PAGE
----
Design can reflect our identity and our unique corner of the world by highlighting our indigenous culture, heritage and sense of place. In celebration of Māori Language week, here are some of our favourite picks from the Best Awards Ngā Aho category finalists, which celebrates Māori design.
Auckland Virtual Tours
Discipline: Nga Aho Award
Creative directors: Eugene Eastlake, Sam Ramlu
Design directors: Nick Peek, Royce Reeves
See our story we did earlier this year here.
See ancient Māori carve waka on the shores of Kohimarama, Rangitoto erupting in a ball of fire, or a pukeko pecking at the ground in front of you. Look up and you’ll see the beautiful, obsidian waters of the Waitematā Harbour from your viewpoint at Takaparawhau (Bastion Point).
The historically significant spot has far more stories to tell than what its surroundings let on, stories hidden from the naked eye.
The designers collaborated with Ngāti Whātua Ōrākei to launch a groundbreaking augmented reality walking tour that takes the visitor on an immersive and enriching journey. They created an app that combines augmented reality, geo-tracking, 360 video, narrative audio (strewn with little-known gems), historical photos, and information on native birds and plants in the area, giving visitors a unique glimpse into the history of the land, its people, and their culture.
Ngāti Whātua Ōrākei wanted to push the boundaries of traditional tourism and tell their unique tribal stories in an exciting way, bringing them to life and sharing knowledge that might otherwise be lost over time. They wanted to connect people to the treasures of the natural environment, and the cultural and historical significance of the site.
The app is available in English, Māori, and Chinese and starts at the entrance of Michael Savage Memorial. A map and visual wayfinder points you in the right direction.
At each destination (four in total), visitors are rewarded with a guide from the iwi family narrating a story from that area – everything from a slice of history to identifying geographical elements, showcasing the local flora and fauna, and an introduction to the iwi’s marae. Visitors can explore each area further through a gallery of images as well as finding out about the local birdlife.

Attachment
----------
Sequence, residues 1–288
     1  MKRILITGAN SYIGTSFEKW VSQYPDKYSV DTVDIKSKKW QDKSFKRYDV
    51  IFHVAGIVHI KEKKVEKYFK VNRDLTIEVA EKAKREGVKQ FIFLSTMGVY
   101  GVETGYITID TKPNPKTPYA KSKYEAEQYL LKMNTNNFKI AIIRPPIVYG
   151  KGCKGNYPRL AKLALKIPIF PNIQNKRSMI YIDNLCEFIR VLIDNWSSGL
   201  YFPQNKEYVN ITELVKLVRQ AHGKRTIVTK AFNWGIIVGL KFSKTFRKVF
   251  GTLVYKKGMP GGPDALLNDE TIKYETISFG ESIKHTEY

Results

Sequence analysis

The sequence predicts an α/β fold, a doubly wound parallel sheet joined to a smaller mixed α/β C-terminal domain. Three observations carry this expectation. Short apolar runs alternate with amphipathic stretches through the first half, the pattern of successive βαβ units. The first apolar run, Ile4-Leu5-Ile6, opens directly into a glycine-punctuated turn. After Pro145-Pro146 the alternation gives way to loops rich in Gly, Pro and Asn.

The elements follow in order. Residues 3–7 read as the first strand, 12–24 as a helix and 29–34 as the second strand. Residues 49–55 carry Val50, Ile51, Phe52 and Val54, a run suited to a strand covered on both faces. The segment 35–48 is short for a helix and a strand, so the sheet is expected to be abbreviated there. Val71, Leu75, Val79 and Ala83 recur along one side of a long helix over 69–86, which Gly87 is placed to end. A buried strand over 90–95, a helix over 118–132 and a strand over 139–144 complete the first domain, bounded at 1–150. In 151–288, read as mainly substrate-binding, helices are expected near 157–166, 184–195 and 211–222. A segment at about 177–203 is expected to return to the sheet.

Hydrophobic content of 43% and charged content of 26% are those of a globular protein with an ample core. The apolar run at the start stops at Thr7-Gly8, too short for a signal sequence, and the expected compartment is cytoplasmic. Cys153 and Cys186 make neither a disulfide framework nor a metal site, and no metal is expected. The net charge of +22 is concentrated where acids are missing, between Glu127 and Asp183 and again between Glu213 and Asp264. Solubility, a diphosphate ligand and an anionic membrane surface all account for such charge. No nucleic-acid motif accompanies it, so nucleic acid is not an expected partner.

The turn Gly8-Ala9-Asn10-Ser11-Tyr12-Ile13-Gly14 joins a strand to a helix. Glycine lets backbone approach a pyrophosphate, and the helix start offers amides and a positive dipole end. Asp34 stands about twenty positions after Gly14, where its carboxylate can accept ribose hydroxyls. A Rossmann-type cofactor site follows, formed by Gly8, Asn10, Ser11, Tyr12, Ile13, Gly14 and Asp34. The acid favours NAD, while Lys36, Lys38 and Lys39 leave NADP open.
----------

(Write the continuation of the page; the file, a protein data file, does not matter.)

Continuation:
“We set out to create an immersive experience with the ‘wow’ factor. An experience that’s talked about long after people have left the area. One that enriches their knowledge of Tāmaki Makaurau and the Māori connection and heritage. And we believe we’ve done just that.”
Māori Television Giphy Channel
Discipline: Nga Aho Award
Creative director: Johnson McKay
Design director: Jason Fantonial
Māori Television has a mandate to normalise and revitalise te reo Māori. The solution is encouraging more people to use te reo Māori in their everyday lives. They gave us the task of connecting them with the next generation of te reo Māori speakers, rangatahi (young Māori). This audience is challenging to reach with traditional media, requiring an inventive solutionto excite them and bring them into orbit with Māori Television and new TV content that had been created to engage this audience.
Through a series of focus groups, they discovered that rangatahi see themselves as proud to be Māori AND global citizens.
They wanted to rep being Māori, but not if it felt old fashioned, stale, serious or poltical. They wanted to kōrero Māori, but only if it fit into their everyday lifestyles. Māori Television was presented with a language strategy, based on the principles of language expert, Ruakere Hond (nō Parihaka). The strategy is based on creating Rumaki Reo (immersive language situations) in every day contexts. Further, that the context enhances tuakiri (positive identity) and elevates the mana of te reo Māori.
The strategy was to create a Rumaki Reo within the space that rangatahi naturally conversate – their phones. Research conducted concluded that young people communicate through animated content, using gifs to express thoughts, feeling and share ideas. giphy.com makes millions of .gifs available to people in 500+ applications, including Facebook, Twitter and Instagram. With over 33,000 .gifs of cats, but zero .gifs that used te reo Māori, the designers created a partnership channel between giphy.com and Māori Television.
The first release of te reo Māori .gifs were released for Te Wiki O Te Reo Māori 2017. As at June 2018, they’ve had over 3.5 million views.
Focusing on illustration and typography that mirrored what rangatahi consume on a daily basis allowed te reo Māori to feel perfectly contextual and relevant. Bright colour palettes, hand drawn fonts and quicky Kiwaha (short, pithy statements) were designed to convey a wide variety of genuine expressions used by the rangatahi focus group. The style was cool enough to become t-shirt graphics, posters and social content.
The animated .gifs were designed to capture the interests of the broadest audiences. While te reo Māori is boldly used, English translations help people of varying levels of te reo Māori competence feel empowered to use them.
Maori TV building
Studio: RCG Ltd
Discipline: Nga Aho Award
Creative director: Andy Florkowski